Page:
Browse Journal Highlights

Highlights include enriched and related content of notable journal articles presented on Eos org AGU org AGU On Demand and in AGU journals

Untangling Uranus’s topsy-turvy magnetosphere

BLOG— New observations of Uranus being buffeted by shock waves from the sun have revealed auroral activity and fresh clues to the workings of the seventh planet’s unusual magnetosphere, the region of space dominated by its magnetic field. Mapping out the magnetospheres of planets like Earth, Jupiter.... more

Birkeland Current Boundary Flows

Editors’ Highlight— This study summarizes a statistical finding of significant velocity jets, known as Birkeland Current Boundary Flows, seen in SWARM satellite data in the northern hemisphere. The orbit configuration of SWARM allowed unique separation of spatial and temporal effects. The authors found.... more

Explaining Unexpected Twists in the Sun’s Magnetic Field

Mark Zastrow, Freelance Writer

From Research Spotlights— New research shows how the Sun’s magnetic field can shift when it approaches Earth, which can throw off space weather forecasts. Space weather forecasting requires understanding what happens when the Earth’s magnetic field meets the Sun’s. When their field lines touch,.... more

Survey of Voyager Plasma Science Ions at Jupiter: I Analysis Method

Editors’ Highlight— In our field, so much emphasis is put on the spectacular and ground-breaking, and not the fundamental work of producing high quality measurements with documentation and access to the wider community. The authors of this paper found an old data set from the Planetary Data System (NASA's.... more

Calculating Plasma Waves—With a Twist

Mark Zastrow, Freelance Writer

From Research Spotlights—What happens when two plasmas with different temperatures overlap? The answer depends on a quantum effect that twists the waves as they ripple through the sea of electrons. In our daily lives, fluids that have different temperatures mix in a straightforward manner..... more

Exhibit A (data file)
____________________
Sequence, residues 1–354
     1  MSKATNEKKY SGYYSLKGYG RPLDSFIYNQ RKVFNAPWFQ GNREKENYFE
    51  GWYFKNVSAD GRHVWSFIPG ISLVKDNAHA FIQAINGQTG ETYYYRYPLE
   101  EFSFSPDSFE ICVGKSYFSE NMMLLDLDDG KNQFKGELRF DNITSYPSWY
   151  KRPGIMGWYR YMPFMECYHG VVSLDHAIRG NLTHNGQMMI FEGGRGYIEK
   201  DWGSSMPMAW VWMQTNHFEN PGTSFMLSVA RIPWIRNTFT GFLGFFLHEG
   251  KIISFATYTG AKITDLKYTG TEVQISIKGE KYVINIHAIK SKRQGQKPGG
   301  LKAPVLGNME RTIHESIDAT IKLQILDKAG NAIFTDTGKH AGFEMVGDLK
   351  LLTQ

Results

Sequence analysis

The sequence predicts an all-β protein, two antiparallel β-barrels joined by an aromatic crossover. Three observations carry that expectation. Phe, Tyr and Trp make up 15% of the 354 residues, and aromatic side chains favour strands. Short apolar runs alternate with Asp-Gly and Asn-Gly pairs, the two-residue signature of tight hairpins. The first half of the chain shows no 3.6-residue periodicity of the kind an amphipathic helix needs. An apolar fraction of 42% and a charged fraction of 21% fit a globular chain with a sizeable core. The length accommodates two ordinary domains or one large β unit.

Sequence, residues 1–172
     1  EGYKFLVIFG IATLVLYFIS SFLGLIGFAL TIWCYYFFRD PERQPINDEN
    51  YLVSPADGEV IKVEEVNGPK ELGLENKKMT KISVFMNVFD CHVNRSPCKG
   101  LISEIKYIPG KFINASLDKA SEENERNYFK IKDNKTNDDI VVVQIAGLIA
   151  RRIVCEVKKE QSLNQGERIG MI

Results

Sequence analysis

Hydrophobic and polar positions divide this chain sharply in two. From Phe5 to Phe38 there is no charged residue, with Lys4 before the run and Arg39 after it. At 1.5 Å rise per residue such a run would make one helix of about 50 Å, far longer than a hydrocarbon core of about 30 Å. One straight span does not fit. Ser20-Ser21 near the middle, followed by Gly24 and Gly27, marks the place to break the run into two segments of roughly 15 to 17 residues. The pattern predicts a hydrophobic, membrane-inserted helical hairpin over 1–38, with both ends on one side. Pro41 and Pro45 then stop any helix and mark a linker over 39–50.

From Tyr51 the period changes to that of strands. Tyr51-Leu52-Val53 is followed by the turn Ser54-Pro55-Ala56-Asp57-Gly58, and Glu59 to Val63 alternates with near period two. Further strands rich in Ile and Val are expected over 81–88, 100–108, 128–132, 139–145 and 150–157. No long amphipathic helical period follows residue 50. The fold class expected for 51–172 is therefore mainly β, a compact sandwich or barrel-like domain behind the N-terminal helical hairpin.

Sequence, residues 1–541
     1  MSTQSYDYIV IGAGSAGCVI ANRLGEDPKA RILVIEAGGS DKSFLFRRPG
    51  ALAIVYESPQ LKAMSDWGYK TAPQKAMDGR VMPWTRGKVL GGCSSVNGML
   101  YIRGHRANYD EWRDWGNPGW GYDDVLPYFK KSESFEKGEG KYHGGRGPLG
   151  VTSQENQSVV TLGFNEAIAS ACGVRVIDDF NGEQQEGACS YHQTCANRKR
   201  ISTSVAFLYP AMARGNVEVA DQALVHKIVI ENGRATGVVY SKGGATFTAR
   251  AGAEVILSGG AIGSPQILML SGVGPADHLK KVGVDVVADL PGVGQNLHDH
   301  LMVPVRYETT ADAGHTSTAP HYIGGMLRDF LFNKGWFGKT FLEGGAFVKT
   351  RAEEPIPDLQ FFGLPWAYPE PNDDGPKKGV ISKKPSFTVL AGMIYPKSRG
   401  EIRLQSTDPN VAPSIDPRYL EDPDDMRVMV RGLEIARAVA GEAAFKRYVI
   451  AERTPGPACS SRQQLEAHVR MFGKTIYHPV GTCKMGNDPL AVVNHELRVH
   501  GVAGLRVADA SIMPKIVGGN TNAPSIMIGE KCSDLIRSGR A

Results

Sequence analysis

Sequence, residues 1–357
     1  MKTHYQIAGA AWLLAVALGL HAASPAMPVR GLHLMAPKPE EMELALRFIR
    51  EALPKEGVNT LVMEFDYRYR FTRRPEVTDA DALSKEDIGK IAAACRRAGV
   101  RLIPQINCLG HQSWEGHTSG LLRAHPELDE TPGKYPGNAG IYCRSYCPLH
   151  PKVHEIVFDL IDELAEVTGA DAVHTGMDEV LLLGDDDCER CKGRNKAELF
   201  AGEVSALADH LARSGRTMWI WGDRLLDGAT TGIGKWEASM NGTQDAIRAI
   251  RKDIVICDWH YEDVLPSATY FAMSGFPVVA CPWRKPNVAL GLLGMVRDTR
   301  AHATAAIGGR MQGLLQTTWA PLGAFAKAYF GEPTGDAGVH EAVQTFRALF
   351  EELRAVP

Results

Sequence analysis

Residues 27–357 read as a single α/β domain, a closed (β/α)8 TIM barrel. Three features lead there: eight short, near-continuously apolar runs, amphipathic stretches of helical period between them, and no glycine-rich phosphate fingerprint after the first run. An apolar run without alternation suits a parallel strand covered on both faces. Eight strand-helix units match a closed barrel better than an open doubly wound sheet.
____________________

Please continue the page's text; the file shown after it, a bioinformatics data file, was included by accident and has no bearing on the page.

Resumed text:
Relativistic electrons uncovered with NASA’s Van Allen Probes

Blog—Earth’s radiation belts, two doughnut-shaped regions of charged particles encircling our planet, were discovered over fifty years ago, but their behavior is still not completely understood. Now, new observations from NASA’s Van Allen Probes mission shows that the fastest, most energetic electrons.... more

After Decades, High-Altitude Observations Revived at Jicamarca

Mark Zastrow, Freelance Writer

From Research Spotlights—Recent upgrades to the Jicamarca Radio Observatory in Peru allow it to probe electron densities several thousand kilometers above Earth, a feat it hasn't accomplished in 50 years. When the Jicamarca Radio Observatory made its first observations of Earth's ionosphere.... more

How Lightning Creates "Killer Electrons" in Earth's Radiation Belts

Mark Zastrow, Freelance Writer

From Research Spotlights—New calculations show that lightning-triggered plasma waves in Earth's magnetosphere absorb energy from slow particles and energize electrons to levels that can damage satellites severely. The Van Allen radiation belts are the most dangerous regions in near-Earth space,.... more